the euro in general. These Eastern European countries are waiting to see the
outcome of the euro zone crisis before the question of adopting the currency
comes up again on their political agenda," says Mikael Johansson, Head of
Eastern European Research at SEB and Chief Editor of Eastern European Outlook.
Here are the GDP forecasts for the six countries that Eastern European Outlook
* Russia's growth will cool slightly to 3.0 per cent this year and 3.5 per
cent in 2014. "Given historically low unemployment, the economy is already
hitting its resource ceiling, and far-reaching reforms will be needed to
lift its growth potential to President Vladimir Putin's 5-6 per cent
target," says Andreas Johnson, Russia and Ukraine analyst at SEB Economic
* Poland is recovering from a deep domestic slump, aided in part by the big
decline in interest rates over the past six months - but the central bank is
finished cutting interest rates. This year, GDP will increase about as much
as last year, 2.1 per cent. In 2014, growth will speed up to 3.5 per cent,
still below the potential rate of around 4 per cent.
* Ukraine will see zero growth again this year, and GDP will rise 1.8 per cent
in 2014. The economy is hard pressed by a big current account deficit and
sagging confidence. A new bail-out loan from the International Monetary Fund
is needed, and a devaluation is expected in the second quarter of this year.
* Estonia's growth will accelerate from 3.2 per cent last year to 3.8 per cent
in 2013 and 3.7 per cent in 2014. This is still below potential, which is
roughly 4 per cent in all of the Baltic countries. As elsewhere in the
Baltics, growth will be relatively balanced.
* Latvia remains the fastest-growing of all the EU countries. A temporary dip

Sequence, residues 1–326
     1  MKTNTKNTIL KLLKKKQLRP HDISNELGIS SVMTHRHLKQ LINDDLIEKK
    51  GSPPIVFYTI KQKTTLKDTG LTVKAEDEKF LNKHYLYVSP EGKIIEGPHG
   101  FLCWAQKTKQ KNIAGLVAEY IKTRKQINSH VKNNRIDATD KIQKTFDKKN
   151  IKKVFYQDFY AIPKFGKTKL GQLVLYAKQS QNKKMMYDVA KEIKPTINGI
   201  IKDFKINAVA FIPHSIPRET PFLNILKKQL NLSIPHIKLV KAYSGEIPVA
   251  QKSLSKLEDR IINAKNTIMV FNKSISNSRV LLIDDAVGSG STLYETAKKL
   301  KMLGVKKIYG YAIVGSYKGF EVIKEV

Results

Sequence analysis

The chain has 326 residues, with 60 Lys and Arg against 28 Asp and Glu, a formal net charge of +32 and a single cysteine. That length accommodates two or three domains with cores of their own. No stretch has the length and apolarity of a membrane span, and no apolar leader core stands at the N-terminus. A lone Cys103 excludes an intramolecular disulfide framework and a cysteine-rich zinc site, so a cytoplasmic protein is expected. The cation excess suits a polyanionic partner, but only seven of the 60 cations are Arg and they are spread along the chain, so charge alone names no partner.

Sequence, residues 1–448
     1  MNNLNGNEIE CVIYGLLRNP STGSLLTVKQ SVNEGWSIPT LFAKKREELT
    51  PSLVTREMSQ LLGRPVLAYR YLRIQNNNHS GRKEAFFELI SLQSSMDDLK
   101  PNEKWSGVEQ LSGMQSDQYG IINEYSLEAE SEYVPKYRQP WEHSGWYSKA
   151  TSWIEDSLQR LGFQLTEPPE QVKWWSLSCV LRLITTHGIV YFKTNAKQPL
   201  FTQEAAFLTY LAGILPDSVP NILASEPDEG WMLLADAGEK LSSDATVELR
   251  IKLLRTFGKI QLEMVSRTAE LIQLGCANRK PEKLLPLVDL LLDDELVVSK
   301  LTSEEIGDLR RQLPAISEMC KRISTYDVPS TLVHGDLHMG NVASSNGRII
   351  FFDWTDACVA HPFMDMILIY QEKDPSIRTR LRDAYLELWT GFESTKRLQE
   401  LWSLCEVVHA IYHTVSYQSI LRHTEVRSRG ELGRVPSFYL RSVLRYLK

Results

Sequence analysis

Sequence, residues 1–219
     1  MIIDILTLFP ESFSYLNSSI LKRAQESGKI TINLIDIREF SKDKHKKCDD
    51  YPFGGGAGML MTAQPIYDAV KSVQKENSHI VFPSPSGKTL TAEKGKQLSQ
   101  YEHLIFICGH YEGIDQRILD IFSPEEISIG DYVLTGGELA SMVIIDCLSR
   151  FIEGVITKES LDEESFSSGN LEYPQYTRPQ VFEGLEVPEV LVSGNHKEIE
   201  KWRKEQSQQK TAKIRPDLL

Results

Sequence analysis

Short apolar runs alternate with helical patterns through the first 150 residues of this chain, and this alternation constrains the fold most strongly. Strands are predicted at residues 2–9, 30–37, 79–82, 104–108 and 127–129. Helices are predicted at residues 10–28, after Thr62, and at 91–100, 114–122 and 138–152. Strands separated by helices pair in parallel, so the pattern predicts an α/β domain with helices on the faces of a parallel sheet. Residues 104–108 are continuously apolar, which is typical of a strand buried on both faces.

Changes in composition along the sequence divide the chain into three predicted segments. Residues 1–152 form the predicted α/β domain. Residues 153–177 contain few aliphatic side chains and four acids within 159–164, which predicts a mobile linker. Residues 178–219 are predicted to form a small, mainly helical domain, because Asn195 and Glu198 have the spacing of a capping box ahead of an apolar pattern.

from last year's 5.5 per cent to 3.8 per cent will occur this year. In
2014, growth will revert to 5 per cent.
* Lithuania's GDP will increase by 3.2 per cent this year and 3.5 per cent in
2014, after last year's 3.6 per cent growth.
For further information, please Press contact
contact Anna Helsén, Group Press officer
Mikael Johansson, Head of Eastern +46 8 763 9947, + 46 70 698 4858
European Research, email@example.com
SEB Economic Research
+46 70 372 2826
Daniel Bergvall, SEB Economic Research
+46 73 523 5287
SEB is a leading Nordic financial services group. As a relationship bank, SEB in
Sweden and the Baltic countries offers financial advice and a wide range of
financial services. In Denmark, Finland, Norway and Germany the bank's
operations have a strong focus on corporate and investment banking based on a
full-service offering to corporate and institutional clients. The international
nature of SEB's business is reflected in its presence in some 20 countries
worldwide. On December 31, 2012, the Group's total assets amounted to SEK 2,453
billion while its assets under management totalled SEK 1,328 billion. The Group
has about 16,500 employees. Read more about SEB at www.sebgroup.com
Eastern European Outlook (PDF):